Sea level rise will swallow Miami and New Orleans – ‘Hard to imagine how we could defend Miami in the long run. New Orleans is a really sad story. It is a lot worse-looking than Miami.’Posted by Jim at Wednesday, October 14, 2015
By Kerry Sheridan
13 October 2015
Miami (AFP) – Say goodbye to Miami and New Orleans. No matter what we do to curb global warming, these and other beloved US cities will sink below rising seas, according to a study.
But making extreme carbon cuts and moving to renewable energy could save millions of people living in iconic coastal areas of the United States, said the findings in the October 12 edition of the Proceedings of the National Academy of Sciences, a peer-reviewed US journal.
Scientists have already established that if we do nothing to reduce our burning of fossil fuel up to the year 2100, the planet will face sea level rise of 14-32 feet (4.3–9.9 meters), said lead author Ben Strauss, vice president for sea level and climate impacts at Climate Central.
The big uncertainty is the issue of when.
"Some of this could happen as early as next century," Strauss told AFP.
"But it might also take many centuries," he added.
"Just think of a pile of ice in a warm room. You know it is going to melt, but it is harder to say how quickly."
To bring this issue home for people in the United States, the study pinpoints at-risk land where more than 20 million people reside.
The authors projected business-as-usual carbon emissions, in addition to the complication of the melting West Antarctic ice sheet, a process some experts fear is irreversible.
They also considered what might happen if the world were to make a big turnaround, reaching peak carbon emissions by 2020.
This radical scenario would have to occur far earlier than the current aim of some world powers to peak by 2050, said Strauss.
An online tool at Climate Central allows users to see the impacts on various US cities. A global version is expected in the next month, Strauss said.
The tool shows which US cities may face "lock-in dates beyond which the cumulative effects of carbon emissions likely commit them to long-term sea-level rise that could submerge land under more than half of the city's population," said the study.
"Norfolk, Virginia, for example, faces a lock-in date of 2045 under a scenario of unabated carbon emissions."
For cities like Miami and New Orleans, the limits are already exceeded.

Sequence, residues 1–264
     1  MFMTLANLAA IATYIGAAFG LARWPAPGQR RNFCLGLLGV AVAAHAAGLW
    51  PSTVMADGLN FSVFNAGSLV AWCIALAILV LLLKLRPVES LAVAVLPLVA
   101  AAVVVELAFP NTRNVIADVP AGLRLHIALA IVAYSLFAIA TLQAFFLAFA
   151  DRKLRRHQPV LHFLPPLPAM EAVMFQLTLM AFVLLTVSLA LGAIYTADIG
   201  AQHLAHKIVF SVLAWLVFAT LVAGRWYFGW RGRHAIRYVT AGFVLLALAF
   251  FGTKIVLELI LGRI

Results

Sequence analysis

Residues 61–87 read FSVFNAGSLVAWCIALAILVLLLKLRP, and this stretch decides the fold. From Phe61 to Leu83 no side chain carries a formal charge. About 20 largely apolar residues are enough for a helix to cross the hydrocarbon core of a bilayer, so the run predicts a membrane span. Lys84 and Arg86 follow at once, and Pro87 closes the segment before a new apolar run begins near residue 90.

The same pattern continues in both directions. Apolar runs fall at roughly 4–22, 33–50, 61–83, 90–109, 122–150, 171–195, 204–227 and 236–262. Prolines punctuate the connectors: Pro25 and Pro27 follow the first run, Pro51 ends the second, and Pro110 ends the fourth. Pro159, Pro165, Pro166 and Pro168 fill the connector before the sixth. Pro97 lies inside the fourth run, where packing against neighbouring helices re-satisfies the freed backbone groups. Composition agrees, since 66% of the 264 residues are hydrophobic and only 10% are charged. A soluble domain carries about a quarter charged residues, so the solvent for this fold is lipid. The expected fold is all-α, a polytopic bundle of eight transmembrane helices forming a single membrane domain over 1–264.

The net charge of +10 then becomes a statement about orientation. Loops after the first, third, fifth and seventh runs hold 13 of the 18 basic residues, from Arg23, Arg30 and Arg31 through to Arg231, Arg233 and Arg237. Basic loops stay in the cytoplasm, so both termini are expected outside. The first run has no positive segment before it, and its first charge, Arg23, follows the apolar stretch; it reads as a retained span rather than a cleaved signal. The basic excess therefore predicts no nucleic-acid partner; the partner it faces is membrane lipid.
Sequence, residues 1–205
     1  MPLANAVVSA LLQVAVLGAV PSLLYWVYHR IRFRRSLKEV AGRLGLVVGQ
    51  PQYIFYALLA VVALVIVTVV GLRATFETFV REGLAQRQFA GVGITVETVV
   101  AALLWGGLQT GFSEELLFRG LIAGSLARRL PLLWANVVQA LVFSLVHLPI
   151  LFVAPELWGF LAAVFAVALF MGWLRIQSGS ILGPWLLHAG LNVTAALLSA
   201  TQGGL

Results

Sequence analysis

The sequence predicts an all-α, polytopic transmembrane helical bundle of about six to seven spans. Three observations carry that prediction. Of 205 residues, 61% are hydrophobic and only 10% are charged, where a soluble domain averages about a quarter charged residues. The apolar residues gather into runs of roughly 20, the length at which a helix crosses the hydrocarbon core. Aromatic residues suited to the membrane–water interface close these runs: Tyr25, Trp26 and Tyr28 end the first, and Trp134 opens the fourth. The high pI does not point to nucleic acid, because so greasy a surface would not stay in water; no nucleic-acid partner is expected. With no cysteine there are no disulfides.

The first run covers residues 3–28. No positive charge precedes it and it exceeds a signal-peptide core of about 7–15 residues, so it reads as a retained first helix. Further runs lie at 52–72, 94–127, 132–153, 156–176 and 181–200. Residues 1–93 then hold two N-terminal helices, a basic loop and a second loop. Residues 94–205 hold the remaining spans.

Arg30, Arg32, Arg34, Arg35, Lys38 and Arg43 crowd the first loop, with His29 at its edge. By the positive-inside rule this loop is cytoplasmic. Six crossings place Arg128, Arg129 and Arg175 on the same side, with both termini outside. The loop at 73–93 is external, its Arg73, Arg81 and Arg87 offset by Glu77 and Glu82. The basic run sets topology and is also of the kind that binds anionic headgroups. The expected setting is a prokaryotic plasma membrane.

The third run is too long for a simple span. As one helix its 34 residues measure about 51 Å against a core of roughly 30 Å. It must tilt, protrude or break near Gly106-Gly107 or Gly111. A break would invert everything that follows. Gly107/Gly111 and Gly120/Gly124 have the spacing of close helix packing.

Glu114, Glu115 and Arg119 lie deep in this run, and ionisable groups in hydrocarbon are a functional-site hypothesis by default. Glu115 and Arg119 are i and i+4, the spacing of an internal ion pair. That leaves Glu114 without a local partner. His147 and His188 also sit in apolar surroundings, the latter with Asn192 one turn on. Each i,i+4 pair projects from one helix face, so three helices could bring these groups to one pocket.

"In our analysis, a lot of cities have futures that depend on our carbon choices but some appear to be already lost," Strauss said.
"And it is hard to imagine how we could defend Miami in the long run."
Miami's low elevation and porous limestone foundation mean that sea walls and levees will not help, he said. […]
"New Orleans is a really sad story," Strauss said.
"It is a lot worse looking than Miami." [more]
ABSTRACT: Anthropogenic carbon emissions lock in long-term sea-level rise that greatly exceeds projections for this century, posing profound challenges for coastal development and cultural legacies. Analysis based on previously published relationships linking emissions to warming and warming to rise indicates that unabated carbon emissions up to the year 2100 would commit an eventual global sea-level rise of 4.3–9.9 m. Based on detailed topographic and population data, local high tide lines, and regional long-term sea-level commitment for different carbon emissions and ice sheet stability scenarios, we compute the current population living on endangered land at municipal, state, and national levels within the United States. For unabated climate change, we find that land that is home to more than 20 million people is implicated and is widely distributed among different states and coasts. The total area includes 1,185–1,825 municipalities where land that is home to more than half of the current population would be affected, among them at least 21 cities exceeding 100,000 residents. Under aggressive carbon cuts, more than half of these municipalities would avoid this commitment if the West Antarctic Ice Sheet remains stable. Similarly, more than half of the US population-weighted area under threat could be spared. We provide lists of implicated cities and state populations for different emissions scenarios and with and without a certain collapse of the West Antarctic Ice Sheet. Although past anthropogenic emissions already have caused sea-level commitment that will force coastal cities to adapt, future emissions will determine which areas we can continue to occupy or may have to abandon.